the Road with Cyclists
Although we are more obsessed with safety on the road now more than at any other time in our history, with our cars being built with blind spot sensors and backup cameras, and with laws designed to eliminate the use of cell phones or fiddling with radios when driving, one important factor is consistently overlooked when we take to the road—pedestrians and, especially, cyclists.
Cyclists are a lot like motorcycle riders on the road: they’re smaller, harder to see, and are much more unpredictable than your typical motorist. You just never know what a cyclist is going to do next, and they’re much more vulnerable than we are.
Different, Yet Equal
Cyclists are almost universally deemed to be operators of vehicles, and are therefore granted the same rights on the road as any other motorist. When driving your rental car, you should expect to see cyclists on the road. Watch out for them, and treat them the same way you’d treat any other slow-moving vehicle.
Have Patience or You’ll Create Patients
It’s been said that patience is a virtue. This is especially true on the road—and it can save lives. Below are some ways in which you can practice this type of patience when driving your rental car:
- Wait until it’s safe to pass, and avoid tailgating
- Give cyclists the right-of-way when the situation calls for it
- Allow extra time for cyclists to clear an intersection
- Recognize road hazards that may be dangerous for cyclists, and give them the space to deal with them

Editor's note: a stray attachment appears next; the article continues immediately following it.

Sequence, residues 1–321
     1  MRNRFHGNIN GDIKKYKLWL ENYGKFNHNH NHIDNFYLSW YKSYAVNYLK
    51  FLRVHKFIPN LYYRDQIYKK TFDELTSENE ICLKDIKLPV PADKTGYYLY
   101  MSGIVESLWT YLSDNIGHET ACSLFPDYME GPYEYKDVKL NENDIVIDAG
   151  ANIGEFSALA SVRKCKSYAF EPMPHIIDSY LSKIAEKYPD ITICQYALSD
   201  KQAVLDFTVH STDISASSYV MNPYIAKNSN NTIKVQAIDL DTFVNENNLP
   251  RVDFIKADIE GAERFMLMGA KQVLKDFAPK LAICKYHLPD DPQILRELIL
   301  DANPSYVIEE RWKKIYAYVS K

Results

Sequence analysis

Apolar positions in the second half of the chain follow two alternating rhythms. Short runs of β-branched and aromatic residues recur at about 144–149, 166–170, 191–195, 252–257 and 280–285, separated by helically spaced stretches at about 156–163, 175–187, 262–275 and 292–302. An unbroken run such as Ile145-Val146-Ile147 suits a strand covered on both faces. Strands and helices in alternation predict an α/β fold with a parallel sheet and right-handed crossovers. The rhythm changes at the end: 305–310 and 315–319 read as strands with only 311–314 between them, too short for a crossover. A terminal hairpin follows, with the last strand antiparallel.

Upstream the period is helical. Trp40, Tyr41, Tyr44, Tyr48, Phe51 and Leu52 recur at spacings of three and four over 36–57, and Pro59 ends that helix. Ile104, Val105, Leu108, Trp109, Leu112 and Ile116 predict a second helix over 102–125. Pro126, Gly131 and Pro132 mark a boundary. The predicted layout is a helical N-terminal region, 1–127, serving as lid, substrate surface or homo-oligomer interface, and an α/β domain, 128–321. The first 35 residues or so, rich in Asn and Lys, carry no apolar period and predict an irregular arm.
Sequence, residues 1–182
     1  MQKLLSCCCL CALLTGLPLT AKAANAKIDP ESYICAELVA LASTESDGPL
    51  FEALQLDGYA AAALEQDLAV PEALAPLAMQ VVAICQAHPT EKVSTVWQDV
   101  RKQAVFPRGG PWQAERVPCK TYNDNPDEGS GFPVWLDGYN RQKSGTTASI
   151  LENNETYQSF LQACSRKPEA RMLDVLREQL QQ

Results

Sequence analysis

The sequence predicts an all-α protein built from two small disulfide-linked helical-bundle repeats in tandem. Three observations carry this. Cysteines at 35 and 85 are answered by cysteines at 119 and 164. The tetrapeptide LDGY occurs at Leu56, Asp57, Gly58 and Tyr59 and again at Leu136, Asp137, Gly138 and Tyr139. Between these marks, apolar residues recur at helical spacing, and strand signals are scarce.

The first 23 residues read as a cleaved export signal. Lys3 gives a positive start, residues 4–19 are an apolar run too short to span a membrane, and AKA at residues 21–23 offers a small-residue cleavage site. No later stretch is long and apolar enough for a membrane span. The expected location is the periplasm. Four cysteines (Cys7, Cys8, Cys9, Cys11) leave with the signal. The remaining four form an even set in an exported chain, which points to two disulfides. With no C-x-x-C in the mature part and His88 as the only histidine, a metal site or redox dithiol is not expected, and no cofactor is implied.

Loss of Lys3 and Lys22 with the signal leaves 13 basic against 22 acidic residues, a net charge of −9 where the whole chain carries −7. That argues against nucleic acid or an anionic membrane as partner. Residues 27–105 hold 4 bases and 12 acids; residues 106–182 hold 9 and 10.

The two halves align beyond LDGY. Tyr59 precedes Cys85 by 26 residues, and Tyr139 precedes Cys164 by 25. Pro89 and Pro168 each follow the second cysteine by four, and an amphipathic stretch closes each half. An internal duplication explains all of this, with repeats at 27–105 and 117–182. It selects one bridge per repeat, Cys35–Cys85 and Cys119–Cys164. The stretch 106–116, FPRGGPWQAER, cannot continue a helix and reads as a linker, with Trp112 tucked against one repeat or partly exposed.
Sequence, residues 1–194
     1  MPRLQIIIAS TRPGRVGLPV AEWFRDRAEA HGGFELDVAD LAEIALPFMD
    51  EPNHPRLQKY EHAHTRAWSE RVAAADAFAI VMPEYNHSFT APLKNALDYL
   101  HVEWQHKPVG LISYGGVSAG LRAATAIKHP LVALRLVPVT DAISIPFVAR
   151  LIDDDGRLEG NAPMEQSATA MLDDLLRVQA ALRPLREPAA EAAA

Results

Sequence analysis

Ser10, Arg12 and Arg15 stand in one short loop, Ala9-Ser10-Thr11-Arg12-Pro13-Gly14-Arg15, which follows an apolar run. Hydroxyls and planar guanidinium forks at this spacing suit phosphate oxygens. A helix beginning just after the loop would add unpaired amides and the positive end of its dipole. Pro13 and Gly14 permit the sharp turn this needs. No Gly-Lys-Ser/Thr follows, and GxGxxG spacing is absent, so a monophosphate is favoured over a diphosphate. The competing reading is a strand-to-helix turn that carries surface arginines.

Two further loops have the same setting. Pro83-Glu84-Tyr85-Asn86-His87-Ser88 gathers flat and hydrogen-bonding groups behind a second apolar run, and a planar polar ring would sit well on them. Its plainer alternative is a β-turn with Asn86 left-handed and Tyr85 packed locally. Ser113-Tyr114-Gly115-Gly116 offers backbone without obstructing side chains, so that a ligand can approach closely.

Earn a Passing Grade
No matter how good of a driver you think you might be, never pass a cyclist until you know for a fact that you can safely do so. Make sure to allow plenty of space between your vehicle and the bicycle, and be sure that you don’t place the cyclist in any unnecessary danger. If you pass too closely to the cyclist, the drag from your rental car can actually pull the rider off course and cause them to swerve out of control.
Exhibit the Right Behavior
Keep your eyes peeled for cyclists when you go to make a right turn—a cyclist might be well to the right of you and could be planning to go straight at the same intersection you’re turning right at. Don’t speed ahead of them in the hope of completing your turn before they reach your position; the rider may be going faster than you might think, and they may not be able to avoid crashing into your vehicle when you slow to make your turn.
No—Your Other Left!
Don’t forget to look for cyclists whenever you make a left-hand turn, too. As with right turns, cyclists who are traveling straight through an intersection in the opposite direction of travel might be going faster than you think they are. This can be especially true (and dangerous) when they’re on a descending slope, causing them to pick up speed as they go.
Whenever you are obliged to parallel park your rental car, make sure the area around your door is clear before opening your door. Wait to open your door if there are cyclists riding alongside your car, or if they’re quickly approaching. Use your rearview and side mirrors, as well as physically turning around, to check for cyclists. It’s impossible for a cyclist to know when the door of a car they’re approaching will unexpectedly open up on them, but it’s insanely easy for a driver to detect an unwitting cyclist.
Cyclists have a right to the road. They also have a positive impact on the environment by not contributing to pollution or giving off harmful emissions. Don’t resent cyclists. Instead, replace frustration with a smile every time you see one.
Be Careful when You Blow Your Own Horn
Don’t unnecessarily honk at cyclists. If you do need to honk your horn to let a cyclist know you’re about to pass, make sure you’re a respectful distance away first. If you’re too close, the noise of the horn itself can startle the rider, and could potentially cause them to become disoriented or create a hazardous situation for everyone involved.
If You Can’t Beat ’Em, Join ’Em
If cyclists frustrate you, try joining them. Riding a bike can change your life. Cycling is good for the environment and it’s good for you. If nothing else, it will help you better appreciate the problems faced by cyclists every day with respect to motorists.